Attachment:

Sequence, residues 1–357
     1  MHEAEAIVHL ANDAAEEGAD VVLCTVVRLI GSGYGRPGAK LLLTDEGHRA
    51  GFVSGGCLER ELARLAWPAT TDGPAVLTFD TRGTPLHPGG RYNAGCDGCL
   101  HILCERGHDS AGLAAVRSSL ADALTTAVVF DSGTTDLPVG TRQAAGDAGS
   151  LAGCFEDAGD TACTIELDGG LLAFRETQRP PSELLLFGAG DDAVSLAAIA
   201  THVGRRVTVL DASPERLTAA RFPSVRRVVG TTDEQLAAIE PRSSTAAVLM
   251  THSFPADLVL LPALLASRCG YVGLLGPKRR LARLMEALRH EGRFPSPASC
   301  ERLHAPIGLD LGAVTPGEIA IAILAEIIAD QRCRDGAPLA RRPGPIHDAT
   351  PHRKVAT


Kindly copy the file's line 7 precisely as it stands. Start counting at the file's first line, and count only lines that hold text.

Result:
   251  THSFPADLVL LPALLASRCG YVGLLGPKRR LARLMEALRH EGRFPSPASC